Ermeni Sorunu, Armenian Question, Der Armenier Konflikt, Question Armenienne - FORSNET
  INTRODUCTION
  TURCO-ARMENIAN RELATIONS
  HOW THE ARMENIAN ISSUE CAME ABOUT
  MASSACRES OF THE TURKS BY THE ARMENIANS
  APRIL 24, 1915
  RELOCATION
  ARMENIAN TERRORISM
  TURKISH DIPLOMATS KILLED BY ARMENIAN TERRORISTS
  IMPORTANT QUESTIONS AND ANSWERS
  CHRONOLOGY
  ALBUM
  ARCHIVE DOCUMENTS
  REFERENCES
  SUPPORTERS






  ARTICLES

British Propaganda and the Turks
(PRESENTATION MADE AT THE SCHOOL OF ORIENTAL AND AFRICAN STUDIES BY PROF.JUSTIN MCCARTHYON 19 JANUARY2001)

This evening I am going to consider something that I have noticed for many years. That is the basic assumption in Europe and America that the Turks must be in the wrong, whether the question is human rights, activities in Cyprus, the Armenian Question, Turkish-Greek relations, or almost any other contentious subject. Often it is assumed that the Turks are evil. If there is a question of comparative guilt, it is assumed that the Turks were most guilty. Turks have to prove themselves three times for every one assertion provided by their opponents.

All of this may surprise those of you who have known Turks well and have found that Turks are human beings like anyone else. But the unfairness with which Turks are treated does not surprise those of us who have looked into the background of the views and prejudices people have of the Turks.

I will not be speaking only of British propaganda tonight, but of the effects of what the British propaganda machine produced in World War I. That means I will also be discussing America, where that propaganda had its greatest effect.

The reasons for the ill feeling against Turks that is often seen in Western countries, as all of you know, go back to the Middle Ages. They go back to the period in which the name Muhammad was virtually synonymous with the Devil in Western culture. Europeans and Americans had a long memory of conflict between Christianity and Islam, and Turks were the political leaders of Islam.

The particular image of the Turk as the enemy developed in the nineteenth century along what can be described as racialist lines. In the United States, as well as in Britain, books were printed which portrayed the Turks as members of groups of people who were described almost uniformly as vicious. ``Brutal" was the primary adjective that was used to describe them. In America, and I suspect in Britain as well, we feared something called the "Yellow Peril." The Yellow Peril supposedly was a great danger to the "white race" (a fine example of psychological transference, since at the time Europeans were much more likely to assault Asiatics than vice versa). The Turks were portrayed as being at the forefront of the yellow peril, the leaders of the Yellow Peril. Those who had never seen a Turk found this an easy mental exercise: Turks lived in Asia. Turks were great warriors. Therefore, Turks led the Yellow Peril.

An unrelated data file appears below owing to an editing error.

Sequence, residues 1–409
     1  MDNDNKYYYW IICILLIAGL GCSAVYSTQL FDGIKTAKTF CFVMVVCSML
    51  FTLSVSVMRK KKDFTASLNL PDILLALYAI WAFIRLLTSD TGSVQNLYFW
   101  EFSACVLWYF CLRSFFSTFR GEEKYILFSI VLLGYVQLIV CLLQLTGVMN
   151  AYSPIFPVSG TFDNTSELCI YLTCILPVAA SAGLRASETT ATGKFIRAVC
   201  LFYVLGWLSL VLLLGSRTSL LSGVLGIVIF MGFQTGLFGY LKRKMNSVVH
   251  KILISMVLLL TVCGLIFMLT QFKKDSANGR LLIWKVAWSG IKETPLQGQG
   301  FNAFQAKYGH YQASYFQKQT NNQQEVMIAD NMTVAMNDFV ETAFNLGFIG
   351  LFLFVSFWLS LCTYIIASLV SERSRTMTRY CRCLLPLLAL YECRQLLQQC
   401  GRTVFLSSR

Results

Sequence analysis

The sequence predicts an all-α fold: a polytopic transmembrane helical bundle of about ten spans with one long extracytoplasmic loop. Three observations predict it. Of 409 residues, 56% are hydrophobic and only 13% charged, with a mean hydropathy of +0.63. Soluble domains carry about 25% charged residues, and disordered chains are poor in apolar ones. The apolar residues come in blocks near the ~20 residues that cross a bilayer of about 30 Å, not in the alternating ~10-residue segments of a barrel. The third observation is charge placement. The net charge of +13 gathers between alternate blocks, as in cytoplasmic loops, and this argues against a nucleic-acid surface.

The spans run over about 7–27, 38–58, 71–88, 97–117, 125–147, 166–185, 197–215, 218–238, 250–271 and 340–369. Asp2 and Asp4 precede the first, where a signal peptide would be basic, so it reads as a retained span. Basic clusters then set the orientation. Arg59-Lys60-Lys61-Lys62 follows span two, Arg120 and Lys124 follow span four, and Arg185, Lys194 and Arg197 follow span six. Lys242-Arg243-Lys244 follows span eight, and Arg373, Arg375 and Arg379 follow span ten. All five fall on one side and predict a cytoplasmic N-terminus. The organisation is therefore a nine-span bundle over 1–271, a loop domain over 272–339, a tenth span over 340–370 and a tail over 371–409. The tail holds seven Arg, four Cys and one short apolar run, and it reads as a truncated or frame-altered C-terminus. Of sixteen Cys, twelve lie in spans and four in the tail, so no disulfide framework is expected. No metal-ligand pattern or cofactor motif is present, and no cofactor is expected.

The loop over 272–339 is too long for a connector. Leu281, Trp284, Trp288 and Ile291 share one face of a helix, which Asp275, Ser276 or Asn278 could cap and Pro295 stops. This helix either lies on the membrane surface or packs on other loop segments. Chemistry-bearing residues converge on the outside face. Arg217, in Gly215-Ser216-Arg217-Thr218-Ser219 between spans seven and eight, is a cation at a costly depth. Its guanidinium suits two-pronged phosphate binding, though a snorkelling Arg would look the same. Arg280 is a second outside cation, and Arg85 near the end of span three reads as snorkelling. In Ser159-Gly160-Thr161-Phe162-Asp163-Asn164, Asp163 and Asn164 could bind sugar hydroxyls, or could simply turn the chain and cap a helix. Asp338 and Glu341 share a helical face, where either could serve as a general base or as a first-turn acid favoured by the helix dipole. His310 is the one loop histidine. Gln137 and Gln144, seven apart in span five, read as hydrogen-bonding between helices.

Traditional racialist and religious animosity against Turks has left a legacy of prejudice that has affected Eruopean and American feelings about Turks in our own day. But Westerners have long held religious and racial prejudices about many peoples. None of these prejudices seems to rise to the level of the feelings against the Turks. No other group is assumed to be so violent and brutal, nor is any other group so often and routinely assumed to be wrong in all its disputations with other peoples. There is more to the feelings against Turks that traditional animosities.

From my experience in many years of teaching American students and in many years of dealing with the American public, I believe the Armenian Question has been the primary agency through which against the Turks has been advanced. The conflict between Turks and Armenians during , to World War I has had a permanent affect on the beliefs and prejudices of Americans and arts. In America today, if you ask someone, "What do you know about Turks?" you will very find that the only thing they think they know about Turks is summarized in one statement: killed all those Armenians, didn't they?" That is it, the sum of knowledge on the Turks.

Today in America, the alleged genocide of the Armenians is included in the books that teach the Holocaust to schoolchildren. Through political influence and writers' ignorance, it has been included as ;another example of inhumanity, a false example. Through the agency of Holocaust Studies, American children are learning what is usually the only thing they ever learn about Turks, and that is the so-called Armenian Genocide. Most American school children see nothing else about Turks in their schoolbooks. They only see Turks in their study of what Turks supposedly did to .Armenians. And. I might say, it is a completely one-sided description at that. The feeling about Turks is so ingrained that it is impossible to have rational dialogue on the subject. But the question remains--where does all this come from? Why do the otherwise caring and liberal academics who write on the Holocaust feel it proper to vilify one people, the Turks, without considering any other side of a contested issue? In studying the prejudices against Turks, I have found two basic causes for the ingrained anti-Turkish feeling in western society, and especially in America. The one is the work of American missionaries and the other is British propaganda during and immediately after World War One. This evening, as the title of my talk indicates, I am going to speak on the British and about British propaganda.